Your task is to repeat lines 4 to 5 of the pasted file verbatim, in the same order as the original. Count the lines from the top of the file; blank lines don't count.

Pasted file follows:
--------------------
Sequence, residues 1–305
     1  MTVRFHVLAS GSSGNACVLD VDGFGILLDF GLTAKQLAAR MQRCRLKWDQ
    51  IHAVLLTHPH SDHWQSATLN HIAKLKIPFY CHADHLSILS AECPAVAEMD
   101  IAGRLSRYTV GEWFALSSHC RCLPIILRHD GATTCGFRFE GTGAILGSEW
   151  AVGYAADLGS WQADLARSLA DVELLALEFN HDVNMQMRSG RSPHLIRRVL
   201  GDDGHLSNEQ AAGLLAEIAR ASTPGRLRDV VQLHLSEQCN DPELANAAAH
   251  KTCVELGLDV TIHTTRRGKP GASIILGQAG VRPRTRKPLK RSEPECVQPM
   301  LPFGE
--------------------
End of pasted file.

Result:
   101  IAGRLSRYTV GEWFALSSHC RCLPIILRHD GATTCGFRFE GTGAILGSEW
   151  AVGYAADLGS WQADLARSLA DVELLALEFN HDVNMQMRSG RSPHLIRRVL